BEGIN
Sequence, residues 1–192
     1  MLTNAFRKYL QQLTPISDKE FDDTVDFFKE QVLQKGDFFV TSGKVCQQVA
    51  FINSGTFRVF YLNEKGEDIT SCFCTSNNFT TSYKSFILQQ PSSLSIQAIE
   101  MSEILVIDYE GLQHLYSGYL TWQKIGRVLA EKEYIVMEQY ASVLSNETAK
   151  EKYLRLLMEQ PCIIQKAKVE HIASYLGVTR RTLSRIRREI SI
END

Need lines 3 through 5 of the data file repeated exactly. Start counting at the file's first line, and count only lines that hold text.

    51  FINSGTFRVF YLNEKGEDIT SCFCTSNNFT TSYKSFILQQ PSSLSIQAIE
   101  MSEILVIDYE GLQHLYSGYL TWQKIGRVLA EKEYIVMEQY ASVLSNETAK
   151  EKYLRLLMEQ PCIIQKAKVE HIASYLGVTR RTLSRIRREI SI